Does your grocery store have a lot of buy one get one free sales? While those sales are awesome, how much chicken can your family eat before it goes bad? As much as you want really. That’s the beauty of freezing food. If you follow a few simple guidelines, you can save a bundle stocking up when there is a sale and freezing things for later. Here are some tips for freezing food.
What can you freeze?
Almost anything can be frozen with the exception of salad vegetables – like cucumbers, tomatoes, and lettuce. You can freeze them too, but they don’t really thaw well. Tomatoes will be mushy and lettuce will be wilted. The high water content in the cells of these fragile veggies makes them burst and turn into a watery mess when you thaw them. That’s why you find that most of these vegetables are canned or jarred. You can freeze tomatoes and crush or puree them for soup if you’d like, but that freezer space is probably best used for things that thaw well, like meat, cheeses, and beans. When in doubt on whether something freezes well, think about how you’d find it in the store. Would it be in the frozen food section? If not, it’s probably not something you want to freeze.
How long can you freeze things?
A good rule to follow is to leave nothing in the freezer for more than 2-3 months. There are things that can be frozen for up to 12 months, such as a large pork roast, but if you stick to the 2-3 month rule, you don’t have to remember the shelf life on everything. Thanks to the internet, you can always do a quick search to find out if something has been in the freezer for too long as well.
How do you make sure it lasts?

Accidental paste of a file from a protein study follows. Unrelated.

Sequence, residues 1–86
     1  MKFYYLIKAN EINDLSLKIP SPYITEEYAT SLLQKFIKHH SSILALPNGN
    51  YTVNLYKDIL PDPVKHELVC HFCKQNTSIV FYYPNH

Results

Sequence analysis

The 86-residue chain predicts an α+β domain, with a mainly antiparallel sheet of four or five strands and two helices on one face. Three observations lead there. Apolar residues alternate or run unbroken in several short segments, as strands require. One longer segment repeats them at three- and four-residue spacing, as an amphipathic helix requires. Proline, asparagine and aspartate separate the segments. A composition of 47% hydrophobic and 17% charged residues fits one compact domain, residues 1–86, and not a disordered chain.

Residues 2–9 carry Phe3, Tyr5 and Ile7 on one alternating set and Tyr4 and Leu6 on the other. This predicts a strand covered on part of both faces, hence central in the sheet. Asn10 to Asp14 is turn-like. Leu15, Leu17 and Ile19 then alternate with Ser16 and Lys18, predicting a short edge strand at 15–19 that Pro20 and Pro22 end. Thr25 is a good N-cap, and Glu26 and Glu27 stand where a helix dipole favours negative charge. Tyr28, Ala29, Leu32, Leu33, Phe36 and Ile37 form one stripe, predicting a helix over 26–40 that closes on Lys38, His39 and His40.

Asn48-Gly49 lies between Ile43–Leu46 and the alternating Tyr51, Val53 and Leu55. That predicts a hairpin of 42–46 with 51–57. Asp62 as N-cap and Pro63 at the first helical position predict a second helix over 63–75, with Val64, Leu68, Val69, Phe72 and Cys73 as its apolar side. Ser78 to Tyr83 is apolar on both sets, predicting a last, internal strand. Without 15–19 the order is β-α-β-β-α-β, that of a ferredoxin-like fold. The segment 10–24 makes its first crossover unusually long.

When you put food in the freezer, make sure it’s in an air tight container. Take it out of the store packaging and put it into your own, and write the date on it for later reference. Many people like to use the FoodSaver System*. It’s a vacuum sealer that takes the air out of the bag, prolonging shelf life and preventing freezer burn. Depending on the model, it costs around $100, but pays for itself in a short time. You can even get vacuum canisters to store sugar, coffee, and flour. If you don’t use a vacuum system, make sure you use freezer bags instead of regular resealable bags, and squeeze out as much air as you can.
Have you tried freezer cooking?
If you like soups and stews, consider freezer cooking. Basically, you take all the ingredients for something, cut it up just like you were going to cook it, stick it in one bag, and put it in the freezer. When it comes time to make the meal, you open the bag, dump all of the ingredients into your pot or slow cooker and move on with your day. It’s a great time saver. I do this with my cranberry chicken recipe.
Freezing food saves time and money, and on days when you’re short on these things – we’ve all been there – opening the freezer to something delicious and ready to go is a blessing.
Do you stock up on food and freeze it? Any tips to add?
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